For Mr Carroll who is required to regularly replace his prosthesis, this is likely to cost him around $40,000 in medical expenses each year.
This is the same for many other injured workers who will be facing a tough start to the New Year thanks to the O’Farrell government’s decision to cut off payments for the medical expenses of thousands of injured workers on New Years day 2014.
Under controversial changes to the Workers Compensation Act that were made in 2012 injured workers are only entitled to receive payments for medical expenses related to their injury, such as doctors bills, the costs of surgery, prosthetics and medication for a maximum of 12 months after they last received weekly payments. (or if they did not receive weekly payments then 12 months from the date of injury).
The only exception is when the worker has a “serious injury” as defined, this is an injury that is assessed at more than 30% WPI – and astoundingly amputations, such as Mr Passfield and Mr Carroll’s, are not. They were both assessed at 28% WPI.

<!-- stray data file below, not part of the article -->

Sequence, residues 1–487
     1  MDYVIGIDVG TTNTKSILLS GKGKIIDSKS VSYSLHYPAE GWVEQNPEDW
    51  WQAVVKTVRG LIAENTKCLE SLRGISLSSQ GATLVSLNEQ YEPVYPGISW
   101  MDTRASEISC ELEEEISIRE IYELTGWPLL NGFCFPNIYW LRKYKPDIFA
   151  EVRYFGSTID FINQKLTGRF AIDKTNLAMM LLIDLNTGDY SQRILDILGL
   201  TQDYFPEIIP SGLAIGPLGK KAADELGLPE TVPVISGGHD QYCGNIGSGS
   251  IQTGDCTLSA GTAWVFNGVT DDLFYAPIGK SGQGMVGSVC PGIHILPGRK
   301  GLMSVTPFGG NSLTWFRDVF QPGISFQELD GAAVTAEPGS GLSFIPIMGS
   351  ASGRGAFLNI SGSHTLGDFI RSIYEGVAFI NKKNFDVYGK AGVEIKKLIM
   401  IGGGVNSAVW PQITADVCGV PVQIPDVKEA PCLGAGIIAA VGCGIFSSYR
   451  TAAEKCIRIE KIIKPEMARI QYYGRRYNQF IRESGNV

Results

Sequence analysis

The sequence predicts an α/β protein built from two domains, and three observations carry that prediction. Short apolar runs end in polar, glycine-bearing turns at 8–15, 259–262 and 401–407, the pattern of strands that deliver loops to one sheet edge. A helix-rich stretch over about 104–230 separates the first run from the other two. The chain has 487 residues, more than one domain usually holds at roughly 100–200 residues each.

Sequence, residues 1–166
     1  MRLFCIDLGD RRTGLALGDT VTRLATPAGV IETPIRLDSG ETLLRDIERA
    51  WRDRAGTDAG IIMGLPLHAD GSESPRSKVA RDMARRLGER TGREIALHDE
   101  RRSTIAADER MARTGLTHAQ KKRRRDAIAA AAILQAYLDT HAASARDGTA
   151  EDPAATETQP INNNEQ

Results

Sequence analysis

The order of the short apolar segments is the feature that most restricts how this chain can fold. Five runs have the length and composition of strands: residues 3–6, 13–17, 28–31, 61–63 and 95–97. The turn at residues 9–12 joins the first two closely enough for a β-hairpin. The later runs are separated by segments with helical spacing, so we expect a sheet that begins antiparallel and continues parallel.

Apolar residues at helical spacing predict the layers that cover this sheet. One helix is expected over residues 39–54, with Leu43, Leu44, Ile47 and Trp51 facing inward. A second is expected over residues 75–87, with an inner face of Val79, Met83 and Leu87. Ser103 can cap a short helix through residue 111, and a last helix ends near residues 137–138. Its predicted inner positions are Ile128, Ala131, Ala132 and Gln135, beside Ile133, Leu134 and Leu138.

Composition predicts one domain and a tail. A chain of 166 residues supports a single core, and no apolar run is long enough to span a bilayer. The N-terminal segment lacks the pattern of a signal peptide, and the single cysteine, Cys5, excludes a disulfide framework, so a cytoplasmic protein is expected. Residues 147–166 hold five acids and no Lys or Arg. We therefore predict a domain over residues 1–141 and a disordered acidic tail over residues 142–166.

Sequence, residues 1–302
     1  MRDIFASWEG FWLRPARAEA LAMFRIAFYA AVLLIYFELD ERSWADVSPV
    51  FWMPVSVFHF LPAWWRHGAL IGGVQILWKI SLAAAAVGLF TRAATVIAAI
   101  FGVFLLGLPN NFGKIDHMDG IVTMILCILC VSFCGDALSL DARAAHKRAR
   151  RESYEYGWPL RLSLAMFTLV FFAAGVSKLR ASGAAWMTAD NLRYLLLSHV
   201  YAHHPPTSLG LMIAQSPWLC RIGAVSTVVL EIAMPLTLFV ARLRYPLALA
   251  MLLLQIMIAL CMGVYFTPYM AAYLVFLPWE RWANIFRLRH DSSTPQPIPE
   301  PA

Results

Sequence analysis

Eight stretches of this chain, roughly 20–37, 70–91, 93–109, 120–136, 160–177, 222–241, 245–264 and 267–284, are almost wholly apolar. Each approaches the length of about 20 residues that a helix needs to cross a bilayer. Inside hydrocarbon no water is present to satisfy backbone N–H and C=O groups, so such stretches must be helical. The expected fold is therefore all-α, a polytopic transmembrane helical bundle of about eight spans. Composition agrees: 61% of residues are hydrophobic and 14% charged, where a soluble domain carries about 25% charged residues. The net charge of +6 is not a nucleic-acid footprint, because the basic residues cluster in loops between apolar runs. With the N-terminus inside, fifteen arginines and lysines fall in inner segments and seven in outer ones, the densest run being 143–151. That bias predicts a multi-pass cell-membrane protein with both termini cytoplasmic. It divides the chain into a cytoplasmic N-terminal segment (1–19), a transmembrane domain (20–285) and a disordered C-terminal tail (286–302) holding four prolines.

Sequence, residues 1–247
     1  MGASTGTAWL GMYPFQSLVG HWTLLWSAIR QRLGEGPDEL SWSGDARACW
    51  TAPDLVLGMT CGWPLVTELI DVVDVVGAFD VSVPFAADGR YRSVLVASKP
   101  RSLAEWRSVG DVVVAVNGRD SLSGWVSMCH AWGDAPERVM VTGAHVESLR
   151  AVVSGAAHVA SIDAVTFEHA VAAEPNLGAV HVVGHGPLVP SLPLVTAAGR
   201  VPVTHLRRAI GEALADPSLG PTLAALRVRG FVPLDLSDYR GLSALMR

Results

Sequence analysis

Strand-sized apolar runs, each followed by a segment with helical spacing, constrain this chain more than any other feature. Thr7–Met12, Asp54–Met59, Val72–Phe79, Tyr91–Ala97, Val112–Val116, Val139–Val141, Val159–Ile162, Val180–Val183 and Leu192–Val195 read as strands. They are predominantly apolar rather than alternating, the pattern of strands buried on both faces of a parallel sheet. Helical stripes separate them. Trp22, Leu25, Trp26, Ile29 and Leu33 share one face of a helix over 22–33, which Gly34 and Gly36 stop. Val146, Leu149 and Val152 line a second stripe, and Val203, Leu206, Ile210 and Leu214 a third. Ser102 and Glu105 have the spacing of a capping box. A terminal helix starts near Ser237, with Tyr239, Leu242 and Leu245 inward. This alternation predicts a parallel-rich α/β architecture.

Greens MP and Industrial Relations spokesperson David Shoebridge said:
“This is just another example of the NSW Goverment’s complete disregard for injured workers.
“Kris’ case is proof positive that workers compensation laws in NSW have swung away from protecting workers to protecting employers by cutting premiums regardless of the cost on individual’s lives.
“These are seriously injured workers who deserve lifetime protection, and all the NSW Government can do is throw them on the scrap heap in the name of cost-cutting and budget savings.
“These aren’t isolated cases, there are thousands of people who are facing the same grim reality of being injured at work through no fault of their own, and now having all medical assistance withdrawn.
“No parliamentarian, no person of conscience, should let these laws go unchallenged. They must be fixed to restore some balance in the compensation system,” Mr Shoebridge said.
Watch video: http://www.youtube.com/watch?v=NE27Q7FlwCU
[Dictated and manually inserted on behalf of workcovervictim]
Revised May 2014